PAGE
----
The medical marijuana legislation approved Friday by the Legislature is a strong step in the right direction, but the territory should go further and approve legal recreational use as soon as possible. It is long-past time to stop criminalizing and marginalizing V.I. youth and adults for a practice that is demonstrably far less harmful than alcohol and tobacco.
But it is critical to do it right.
Over the holidays, radio host and V.I. historian Mario Moorhead cautioned that full legalization could lead to outside interests shipping in marijuana or controlling the local industry, creating only a few low-paying jobs for those born and raised here. Moorhead’s concern is well placed but can be addressed with good legislation.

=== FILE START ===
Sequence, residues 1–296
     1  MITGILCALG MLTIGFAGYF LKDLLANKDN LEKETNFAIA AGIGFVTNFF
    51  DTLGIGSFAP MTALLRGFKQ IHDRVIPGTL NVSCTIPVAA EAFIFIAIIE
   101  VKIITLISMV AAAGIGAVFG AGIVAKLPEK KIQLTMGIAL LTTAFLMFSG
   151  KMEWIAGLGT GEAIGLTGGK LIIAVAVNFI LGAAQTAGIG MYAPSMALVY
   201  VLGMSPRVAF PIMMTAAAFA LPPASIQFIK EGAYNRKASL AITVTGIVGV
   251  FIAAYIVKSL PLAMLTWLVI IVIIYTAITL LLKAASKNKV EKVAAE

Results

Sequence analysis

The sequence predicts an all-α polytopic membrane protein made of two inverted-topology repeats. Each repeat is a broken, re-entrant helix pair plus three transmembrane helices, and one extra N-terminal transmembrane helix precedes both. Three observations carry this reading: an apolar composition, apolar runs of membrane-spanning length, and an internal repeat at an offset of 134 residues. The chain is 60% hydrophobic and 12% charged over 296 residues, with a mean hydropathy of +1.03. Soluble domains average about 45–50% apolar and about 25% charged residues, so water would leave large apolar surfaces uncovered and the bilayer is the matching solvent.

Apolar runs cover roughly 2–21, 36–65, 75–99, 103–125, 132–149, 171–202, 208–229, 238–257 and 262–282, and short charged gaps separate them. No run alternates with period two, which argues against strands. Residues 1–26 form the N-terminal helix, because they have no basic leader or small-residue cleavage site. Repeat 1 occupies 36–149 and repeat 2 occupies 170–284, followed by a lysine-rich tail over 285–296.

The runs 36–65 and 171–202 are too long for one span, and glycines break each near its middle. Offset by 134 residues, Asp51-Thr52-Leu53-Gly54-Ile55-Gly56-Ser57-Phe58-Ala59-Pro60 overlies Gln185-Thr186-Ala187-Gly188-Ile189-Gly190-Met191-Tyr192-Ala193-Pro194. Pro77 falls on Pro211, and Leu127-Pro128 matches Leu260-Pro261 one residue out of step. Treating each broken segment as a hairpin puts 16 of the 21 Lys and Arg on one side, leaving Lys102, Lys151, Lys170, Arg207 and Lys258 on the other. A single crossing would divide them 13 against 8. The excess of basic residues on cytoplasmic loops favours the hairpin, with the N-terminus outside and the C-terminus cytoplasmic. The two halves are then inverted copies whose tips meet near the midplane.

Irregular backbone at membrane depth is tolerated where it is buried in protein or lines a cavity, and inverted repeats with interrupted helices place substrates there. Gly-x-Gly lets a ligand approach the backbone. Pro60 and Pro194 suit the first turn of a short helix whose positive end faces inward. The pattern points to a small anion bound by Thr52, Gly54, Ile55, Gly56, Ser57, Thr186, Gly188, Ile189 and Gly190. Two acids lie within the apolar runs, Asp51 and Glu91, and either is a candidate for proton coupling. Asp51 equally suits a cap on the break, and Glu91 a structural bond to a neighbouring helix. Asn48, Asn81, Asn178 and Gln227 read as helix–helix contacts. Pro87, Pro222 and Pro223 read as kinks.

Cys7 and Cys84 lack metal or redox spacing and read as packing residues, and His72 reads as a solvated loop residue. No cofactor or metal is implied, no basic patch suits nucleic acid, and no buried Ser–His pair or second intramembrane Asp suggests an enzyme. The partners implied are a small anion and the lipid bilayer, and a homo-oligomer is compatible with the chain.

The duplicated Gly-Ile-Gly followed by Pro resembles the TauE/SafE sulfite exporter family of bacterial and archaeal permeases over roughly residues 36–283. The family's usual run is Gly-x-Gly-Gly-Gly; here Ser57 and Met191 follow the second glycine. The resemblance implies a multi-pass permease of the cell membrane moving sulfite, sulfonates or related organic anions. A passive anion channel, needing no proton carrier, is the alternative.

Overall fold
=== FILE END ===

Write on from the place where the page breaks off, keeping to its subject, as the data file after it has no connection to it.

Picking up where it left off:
In 2016, the Source made the same argument Moorhead makes.
“If some corporation imports marijuana to this tropical island, much of the money will immediately turn around and leave the territory. Instead of young men selling on the street corners and in the bars, we will have a smaller number of young men working for minimum wage at the register in some chain shop. We can do better,” the Source advocated then.
Other states have also grappled with the issue. New York Gov. Andrew Cuomo and New York City Mayor Bill de Blasio recently endorsed legalization but de Blasio raised some caveats.